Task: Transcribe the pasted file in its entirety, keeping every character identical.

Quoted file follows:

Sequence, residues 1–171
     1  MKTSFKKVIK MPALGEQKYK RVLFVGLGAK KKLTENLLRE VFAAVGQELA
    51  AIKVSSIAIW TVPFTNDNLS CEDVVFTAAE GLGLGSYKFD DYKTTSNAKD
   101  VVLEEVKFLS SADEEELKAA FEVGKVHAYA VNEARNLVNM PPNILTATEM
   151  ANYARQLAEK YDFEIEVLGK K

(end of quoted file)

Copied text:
Sequence, residues 1–171
     1  MKTSFKKVIK MPALGEQKYK RVLFVGLGAK KKLTENLLRE VFAAVGQELA
    51  AIKVSSIAIW TVPFTNDNLS CEDVVFTAAE GLGLGSYKFD DYKTTSNAKD
   101  VVLEEVKFLS SADEEELKAA FEVGKVHAYA VNEARNLVNM PPNILTATEM
   151  ANYARQLAEK YDFEIEVLGK K